An attack of seagulls

Some of the difficulties arising at Reading Prison during its time as a Place of Internment for foreigners thought to be a threat to the country were outlined by the governor.

3 April 1918
Place of Internment
Reading

Gentlemen

I have the honour to submit my annual report on this Place of Internment.

The conduct of the officers has been good and they have willingly, and without a grumble, come in for extra duty each evening from 5.10 pm to 8 pm to supervise the Aliens who are in association, either in the Halls or garden up to 8 pm. Two officers have volunteered each evening, and been paid back the time owing when convenient.

The conduct of the Interned Aliens has been fair. Last autumn they gave trouble owing to

(a) Long internment with no definite time of release.
(b) The many nationalities, some fourteen in number, with corresponding temperaments, which led to quarrels.
(c) The social grades ranging from ex-officers to the convicts and petty thieves.
(d) The feeling that in many cases they were entitled to be treated as prisoners of war with corresponding privileges, and their knowledge of the few officers available to maintain order in the evenings.

In November a military guard was provided for about six weeks. This enabled active measures to be taken against the ringleaders and the tone of the place at once improved.

Towards the end of November about 40 aliens were re-classified as prisoners of war and removed to the Isle of Man Prisoner of War Camp.

The dietaries have been good and varied and the majorities of letters written speak well of the treatment.

The fire arrangements are satisfactory and fire practice has been regularly carried out.

The water supply is adequate, and there is sufficient pressure to reach to the top of the buildings.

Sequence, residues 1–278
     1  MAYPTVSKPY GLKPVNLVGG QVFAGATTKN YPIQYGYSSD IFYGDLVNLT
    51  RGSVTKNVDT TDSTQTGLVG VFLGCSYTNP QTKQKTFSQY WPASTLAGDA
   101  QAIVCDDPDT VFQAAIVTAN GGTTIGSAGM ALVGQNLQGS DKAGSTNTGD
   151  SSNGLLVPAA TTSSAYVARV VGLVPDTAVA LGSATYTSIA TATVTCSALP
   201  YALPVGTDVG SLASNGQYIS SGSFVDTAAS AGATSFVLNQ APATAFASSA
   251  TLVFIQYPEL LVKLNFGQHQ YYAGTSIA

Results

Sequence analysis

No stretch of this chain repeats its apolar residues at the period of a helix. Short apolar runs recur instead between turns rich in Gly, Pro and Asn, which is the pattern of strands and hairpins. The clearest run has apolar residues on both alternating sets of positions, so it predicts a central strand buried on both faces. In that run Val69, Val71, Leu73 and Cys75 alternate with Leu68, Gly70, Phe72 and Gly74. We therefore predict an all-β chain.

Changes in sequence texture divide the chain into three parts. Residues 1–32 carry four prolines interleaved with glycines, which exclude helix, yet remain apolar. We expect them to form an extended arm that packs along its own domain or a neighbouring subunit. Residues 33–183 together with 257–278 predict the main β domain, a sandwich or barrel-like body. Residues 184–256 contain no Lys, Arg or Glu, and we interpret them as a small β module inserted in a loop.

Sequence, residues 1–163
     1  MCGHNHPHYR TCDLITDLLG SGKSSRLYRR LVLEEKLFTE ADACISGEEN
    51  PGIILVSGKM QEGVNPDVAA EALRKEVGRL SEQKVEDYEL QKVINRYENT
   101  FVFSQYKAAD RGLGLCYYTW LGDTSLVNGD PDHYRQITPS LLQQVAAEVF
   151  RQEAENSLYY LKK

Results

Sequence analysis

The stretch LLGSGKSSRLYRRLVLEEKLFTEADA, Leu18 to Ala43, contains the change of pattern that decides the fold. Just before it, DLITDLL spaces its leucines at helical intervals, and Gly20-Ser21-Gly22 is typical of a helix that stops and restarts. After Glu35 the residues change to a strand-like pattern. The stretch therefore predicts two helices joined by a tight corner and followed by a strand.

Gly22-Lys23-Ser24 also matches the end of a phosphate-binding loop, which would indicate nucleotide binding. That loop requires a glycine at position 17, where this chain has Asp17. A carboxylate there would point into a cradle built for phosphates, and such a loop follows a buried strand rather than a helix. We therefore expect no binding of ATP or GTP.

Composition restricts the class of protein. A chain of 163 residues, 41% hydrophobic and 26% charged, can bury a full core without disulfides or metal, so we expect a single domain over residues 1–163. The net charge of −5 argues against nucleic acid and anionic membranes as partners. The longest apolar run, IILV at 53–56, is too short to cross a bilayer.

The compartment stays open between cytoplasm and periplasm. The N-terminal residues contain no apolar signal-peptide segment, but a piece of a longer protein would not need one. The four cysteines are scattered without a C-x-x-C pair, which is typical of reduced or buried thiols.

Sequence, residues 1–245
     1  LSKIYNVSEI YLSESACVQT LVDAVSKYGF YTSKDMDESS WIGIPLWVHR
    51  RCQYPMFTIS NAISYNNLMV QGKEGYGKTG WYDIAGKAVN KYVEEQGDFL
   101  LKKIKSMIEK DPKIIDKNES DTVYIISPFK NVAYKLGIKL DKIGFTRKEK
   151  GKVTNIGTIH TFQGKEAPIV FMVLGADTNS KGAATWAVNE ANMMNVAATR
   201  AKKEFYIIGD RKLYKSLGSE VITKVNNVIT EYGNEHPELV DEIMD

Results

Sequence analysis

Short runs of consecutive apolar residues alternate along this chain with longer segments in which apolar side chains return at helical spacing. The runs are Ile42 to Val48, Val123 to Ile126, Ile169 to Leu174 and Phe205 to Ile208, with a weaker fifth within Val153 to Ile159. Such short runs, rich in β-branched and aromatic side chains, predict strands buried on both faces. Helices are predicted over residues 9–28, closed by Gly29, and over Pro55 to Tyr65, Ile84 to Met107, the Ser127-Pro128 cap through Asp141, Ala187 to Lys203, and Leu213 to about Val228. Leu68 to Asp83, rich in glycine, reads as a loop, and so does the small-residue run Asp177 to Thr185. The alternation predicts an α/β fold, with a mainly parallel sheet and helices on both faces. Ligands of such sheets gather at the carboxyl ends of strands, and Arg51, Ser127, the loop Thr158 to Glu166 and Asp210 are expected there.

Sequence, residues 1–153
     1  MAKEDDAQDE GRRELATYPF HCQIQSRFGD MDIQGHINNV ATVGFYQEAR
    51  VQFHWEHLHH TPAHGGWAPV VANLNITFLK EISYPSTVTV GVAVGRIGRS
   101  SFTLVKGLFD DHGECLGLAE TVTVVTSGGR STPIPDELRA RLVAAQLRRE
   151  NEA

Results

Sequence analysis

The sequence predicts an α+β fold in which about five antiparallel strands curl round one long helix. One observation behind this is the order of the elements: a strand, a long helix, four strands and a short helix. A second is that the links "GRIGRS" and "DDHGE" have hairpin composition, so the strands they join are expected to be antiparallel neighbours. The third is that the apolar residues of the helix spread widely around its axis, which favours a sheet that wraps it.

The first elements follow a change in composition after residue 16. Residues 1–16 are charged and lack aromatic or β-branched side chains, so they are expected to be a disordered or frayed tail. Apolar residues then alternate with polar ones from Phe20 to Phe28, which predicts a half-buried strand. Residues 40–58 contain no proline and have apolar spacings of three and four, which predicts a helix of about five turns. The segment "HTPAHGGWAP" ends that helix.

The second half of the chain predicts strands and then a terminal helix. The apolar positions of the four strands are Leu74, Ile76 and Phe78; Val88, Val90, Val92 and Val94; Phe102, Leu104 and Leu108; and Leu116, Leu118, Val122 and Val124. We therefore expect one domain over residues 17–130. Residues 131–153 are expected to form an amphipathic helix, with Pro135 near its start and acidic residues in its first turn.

The lighting throughout the prison is good.

The contractors’ supplies have been good except in such cases as have been reported to the Commissioners.

The garden has yielded good results, much better than was anticipated owing to the severe weather last spring, and the consequent influx of seagulls, who cleared off every green thing – over 200 being counted one day in one portion of the garden.

The Visiting Committee have attended regularly but have not been called on to adjudicate in any cases.

One man has been certified as insane and removed to the asylum at Moulsford [actually Cholsey].

There have been no deaths.

The Royal Berkshire Hospital have very kindly and generously taken in and treated such cases of illness as were too serious to be treated in cells.

The rules as laid down for this Place of Internment have been carried out except in such cases as have been reported to the Commissioners.

I have the honour to be
Gentlemen

Your obedient servant
C M Morgan
Governor

[to] The Prison Commissioners
Home Office

Reading Prison [Place of Internment] letter book (P/RP1/8/2/1)

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